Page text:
Day three we had to change plans as their was apparently a gruesome murder and the Irish army had been deployed to the surrounding woods we were to ride in, looking for body parts.  We instead went to the beach at Arklow.  The abandoned beach went on forever and we rode as fast as the horses could go.  We had a long walk just off the beach through beautiful beach grass.  The horses all seemed thrilled to be able to let loose on the beach, all ears were forward this day.  It is so nice to be on a coast that has not been overtaken by houses or hotels.  

 

 

 

 Day four took us to another gem of an area called Glenmalure.  Beautiful mountain views through forests and distant waterfalls coming down lush green landscape made for a mental picture that none of us will forget.  Our final day was spent again on the beach, this time Brittas Bay.  We again as on each day were able to ride as fast as we could.  Grace always leading the pack on her tall thoroughbred followed by Mary, then either Marilyn Mick or Amanda with me and Molly taking sand in the face at the rear.  I was just glad to be able to stay in the saddle, after all my whole goal was to return to Cadence with nothing broken.  Besides a sore rump, I was no worse for the wear and we all had a week not to be forgotten.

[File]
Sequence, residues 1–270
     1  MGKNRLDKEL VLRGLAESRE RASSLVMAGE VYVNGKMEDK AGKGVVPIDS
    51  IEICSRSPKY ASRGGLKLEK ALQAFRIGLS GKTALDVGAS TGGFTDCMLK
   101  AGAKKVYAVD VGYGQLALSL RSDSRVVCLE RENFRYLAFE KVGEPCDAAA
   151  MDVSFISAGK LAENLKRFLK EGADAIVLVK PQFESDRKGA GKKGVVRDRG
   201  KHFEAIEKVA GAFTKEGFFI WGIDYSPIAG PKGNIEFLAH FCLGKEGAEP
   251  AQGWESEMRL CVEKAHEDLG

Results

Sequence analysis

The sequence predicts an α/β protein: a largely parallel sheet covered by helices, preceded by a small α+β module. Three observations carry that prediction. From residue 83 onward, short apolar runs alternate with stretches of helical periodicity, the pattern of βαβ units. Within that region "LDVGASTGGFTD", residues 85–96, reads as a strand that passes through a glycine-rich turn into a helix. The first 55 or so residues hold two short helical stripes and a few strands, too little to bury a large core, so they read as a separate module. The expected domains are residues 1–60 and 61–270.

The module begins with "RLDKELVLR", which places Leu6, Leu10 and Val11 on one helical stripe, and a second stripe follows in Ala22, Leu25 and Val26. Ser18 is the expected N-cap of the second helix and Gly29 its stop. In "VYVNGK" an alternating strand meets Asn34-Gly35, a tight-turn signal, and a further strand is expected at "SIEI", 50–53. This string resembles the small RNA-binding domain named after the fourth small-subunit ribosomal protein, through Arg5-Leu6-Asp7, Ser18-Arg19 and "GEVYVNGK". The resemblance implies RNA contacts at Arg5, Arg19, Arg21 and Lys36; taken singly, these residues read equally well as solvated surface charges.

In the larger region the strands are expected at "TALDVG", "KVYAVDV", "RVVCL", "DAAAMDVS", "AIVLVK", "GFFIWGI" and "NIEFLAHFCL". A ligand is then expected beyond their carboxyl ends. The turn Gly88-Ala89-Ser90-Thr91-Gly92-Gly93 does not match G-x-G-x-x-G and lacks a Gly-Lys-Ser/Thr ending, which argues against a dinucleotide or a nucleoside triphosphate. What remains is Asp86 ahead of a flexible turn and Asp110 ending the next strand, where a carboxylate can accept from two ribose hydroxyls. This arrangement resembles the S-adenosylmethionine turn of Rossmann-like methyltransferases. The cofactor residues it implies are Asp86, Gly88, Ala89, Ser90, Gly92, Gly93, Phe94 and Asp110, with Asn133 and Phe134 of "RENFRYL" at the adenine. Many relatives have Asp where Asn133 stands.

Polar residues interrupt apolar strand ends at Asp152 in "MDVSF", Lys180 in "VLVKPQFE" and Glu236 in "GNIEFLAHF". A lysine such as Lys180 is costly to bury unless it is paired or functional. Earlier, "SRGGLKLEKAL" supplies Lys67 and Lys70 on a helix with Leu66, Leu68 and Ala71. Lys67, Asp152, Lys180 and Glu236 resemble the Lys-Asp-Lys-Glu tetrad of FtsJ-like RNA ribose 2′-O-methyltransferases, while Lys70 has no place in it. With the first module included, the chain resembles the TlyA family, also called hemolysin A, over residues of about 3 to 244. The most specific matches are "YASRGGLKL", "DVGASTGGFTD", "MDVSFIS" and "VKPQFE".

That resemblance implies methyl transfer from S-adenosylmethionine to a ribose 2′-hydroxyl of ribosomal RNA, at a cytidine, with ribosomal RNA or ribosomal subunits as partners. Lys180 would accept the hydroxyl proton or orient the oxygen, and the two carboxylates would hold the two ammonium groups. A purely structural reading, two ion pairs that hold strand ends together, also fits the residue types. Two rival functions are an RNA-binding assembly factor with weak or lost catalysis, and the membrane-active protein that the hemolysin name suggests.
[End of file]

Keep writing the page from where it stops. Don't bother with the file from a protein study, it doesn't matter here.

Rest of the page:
Our last night of the trip was spent in Dublin where we rented an Air BnB so we could all be together.  We enjoyed visiting the Guinness brewery where we stocked up on t shirts for all those at home needing a gifty while their loved ones were away.  I will say that the Guinness in Ireland is much better than anywhere else I have been.  We were told, but I am not sure I believe it, that the Guiness exported to the US is sent freeze dried and reconstituted when it arrives in the states.  Doing some research I have found that indeed most people concur that Guiness is much better in Ireland than anywhere else.  Perhaps its just fresher, or it could be the atmosphere, but I can say that  I am looking forward to getting back to the Emerald Isle for more of its creamy goodness.  

 

We enjoyed our last pub dinner together before all went their separate ways being Colorado for Grace, Spain for Jess and I, New York for Mary and back to the horse life in Connecticut for Marilyn.